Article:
In all, it came out fine, but I wouldn't do it the same again. I might use the same mix but have another one or two guys finishing. Like maybe two guys per 100 sq. ft. Or three guys per 200 SF if they're a good unit. And maybe get it at dawn, or as close to it as I could.

                    Either that or split it into multiple small pours. Get old rusty dusty out and mix up on site, then you can control the slump to your heart's desire. Divide the drive with forms into multiple small areas (all properly tied together of course) and pour as much as you/your crew can finish before a stiff mix pops.

                    Either way, obviously, you'll need to key in footings or piers into the slope, and bring the reinforcement down into the keys.

                    kevin
                    Last edited by kfc510; 06-12-2012, 09:00 PM.
                    “It is difficult to get a man to understand something, when his salary depends on his not understanding it.” - Upton Sinclair

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                    • #11
                      Re: Strategy for steep driveway pour?

                      My father in law has a crew of concrete finishers who just do slabs. They roam from job to job and beef up the crew on the job to about 12, then all of them are onsite for the pour.

                      They placed over 2000 yards of concrete in Fall River, Ma working around the clock several weeks ago. It's an amazing sight to watch them work, I really enjoy seeing it, they all have years of experience and it is not for the faint of heart.
                      "First we finish the game, then we’ll deal with the Armada!"

                      Sir Frances Drake

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                      • #12
                        Re: Strategy for steep driveway pour?

                        Originally posted by kfc510 View Post
                        We ordered a stiff mix with water reducer in it.

                        The mud barely flowed down the hill, I had to help it down the slope with a rake. It popped FAST.
                        That doesn't sound like the water reducer mixes I have used. I generally ask for a 3" slump kicked up to 6", and it flows very easily with little effort. That's the whole idea of it... get the mud out of the truck and on the ground as quickly and easily as possible. Killing yourself with a rake and a shovel to move stiff mud into slab forms is for youngsters and/or guys who are too cheap to spend $5/yard for a much easier pour. The water reducer wears off quickly after about 90 minutes or so, but it doesn't make the concrete kick faster, so you don't suddenly find yourself in trouble unless there are other factors like sun and wind.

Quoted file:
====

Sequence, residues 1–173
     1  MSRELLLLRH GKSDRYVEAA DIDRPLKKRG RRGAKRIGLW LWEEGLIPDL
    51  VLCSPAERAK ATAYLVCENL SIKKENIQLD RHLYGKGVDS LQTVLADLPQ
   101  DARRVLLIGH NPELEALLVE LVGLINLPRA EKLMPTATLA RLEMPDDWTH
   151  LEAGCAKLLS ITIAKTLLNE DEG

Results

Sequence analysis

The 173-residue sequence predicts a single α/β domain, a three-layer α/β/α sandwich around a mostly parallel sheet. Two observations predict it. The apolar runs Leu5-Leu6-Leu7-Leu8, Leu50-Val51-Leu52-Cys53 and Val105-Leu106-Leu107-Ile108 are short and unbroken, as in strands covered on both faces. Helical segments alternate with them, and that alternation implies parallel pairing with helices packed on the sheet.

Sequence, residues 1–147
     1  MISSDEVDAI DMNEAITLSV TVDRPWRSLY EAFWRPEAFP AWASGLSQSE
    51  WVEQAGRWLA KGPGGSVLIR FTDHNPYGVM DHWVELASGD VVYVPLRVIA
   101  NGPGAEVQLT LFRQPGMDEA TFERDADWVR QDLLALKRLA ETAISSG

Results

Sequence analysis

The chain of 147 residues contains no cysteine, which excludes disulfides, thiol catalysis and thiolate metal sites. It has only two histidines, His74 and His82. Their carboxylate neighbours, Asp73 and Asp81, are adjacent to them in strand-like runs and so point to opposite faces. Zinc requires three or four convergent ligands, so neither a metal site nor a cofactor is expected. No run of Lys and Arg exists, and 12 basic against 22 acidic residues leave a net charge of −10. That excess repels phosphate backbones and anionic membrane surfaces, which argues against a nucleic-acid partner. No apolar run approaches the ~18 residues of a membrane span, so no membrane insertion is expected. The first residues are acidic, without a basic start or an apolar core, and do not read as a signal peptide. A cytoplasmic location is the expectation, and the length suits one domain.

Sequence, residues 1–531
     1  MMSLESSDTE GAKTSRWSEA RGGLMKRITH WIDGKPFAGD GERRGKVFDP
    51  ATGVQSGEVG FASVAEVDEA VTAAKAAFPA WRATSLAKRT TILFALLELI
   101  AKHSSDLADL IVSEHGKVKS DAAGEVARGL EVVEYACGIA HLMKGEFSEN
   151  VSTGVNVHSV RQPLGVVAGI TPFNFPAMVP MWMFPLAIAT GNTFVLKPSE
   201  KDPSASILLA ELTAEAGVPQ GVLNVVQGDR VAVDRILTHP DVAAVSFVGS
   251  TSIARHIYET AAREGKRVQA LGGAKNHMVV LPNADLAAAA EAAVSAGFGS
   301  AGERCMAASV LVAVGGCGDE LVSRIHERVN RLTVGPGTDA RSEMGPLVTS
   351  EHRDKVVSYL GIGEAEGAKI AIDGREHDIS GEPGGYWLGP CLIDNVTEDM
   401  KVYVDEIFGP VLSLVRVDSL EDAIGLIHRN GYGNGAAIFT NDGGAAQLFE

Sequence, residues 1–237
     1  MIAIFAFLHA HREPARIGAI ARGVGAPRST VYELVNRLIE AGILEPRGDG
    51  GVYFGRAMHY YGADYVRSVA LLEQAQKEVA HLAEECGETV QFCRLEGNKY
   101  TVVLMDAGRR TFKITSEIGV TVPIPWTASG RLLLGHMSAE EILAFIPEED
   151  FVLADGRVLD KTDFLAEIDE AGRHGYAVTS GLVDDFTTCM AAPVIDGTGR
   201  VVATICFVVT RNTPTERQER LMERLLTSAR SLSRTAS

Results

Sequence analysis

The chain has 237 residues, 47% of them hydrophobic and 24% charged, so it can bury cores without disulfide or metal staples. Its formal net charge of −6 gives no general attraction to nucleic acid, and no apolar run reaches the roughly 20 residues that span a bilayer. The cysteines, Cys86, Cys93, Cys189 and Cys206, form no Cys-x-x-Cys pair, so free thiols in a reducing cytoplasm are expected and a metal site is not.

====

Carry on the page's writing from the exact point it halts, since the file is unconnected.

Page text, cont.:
I don't see using water reducer on this job. The mud would slosh right out of the forms at the bottom. I think we need to back the truck down the hill and get the chute right to the bottom, then have him crawl up as he dumps it. Everyone'll be sucking diesel exhaust for a couple of hours.
                        Bailer Hill Construction, Inc. - Friday Harbor, WA
                        Website - Facebook

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                        • #13
                          Re: Strategy for steep driveway pour?

                          Something tells me top down is the way I'd see that done, I don't know why, but I aways figured bottom up, then the finishers would come and work top down. Concrete finishing is something I'd never do, I don't have the balls for it.
                          "First we finish the game, then we’ll deal with the Armada!"

                          Sir Frances Drake

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                          • #14
                            Re: Strategy for steep driveway pour?

                            Hmmm. Start the pour at the top, eh? I guess with a line pump you could do that, just add sections of hose and work your way down. It adds $400 to the job, but then you can avoid trying to screed the stuff up the hill. Then again, if it's mud they can pump, it might be too wet to stay at the top. My money's on a bottom-up pour, with super stiff mix that you have to force down the chute... place it very carefully so almost no screeding is needed. A good pour to have extra bodies on hand...
                            Bailer Hill Construction, Inc. - Friday Harbor, WA
                            Website - Facebook

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                            • #15
                              Re: Strategy for steep driveway pour?

                              Will [can] they go down the slope you have with the load you need, and do you have a retention pond at the bottom... looking down the road a bit?
                              “I find the curiosity of our men with respect to this animal is pretty much satisfied.”
                              ~ Meriwether Lewis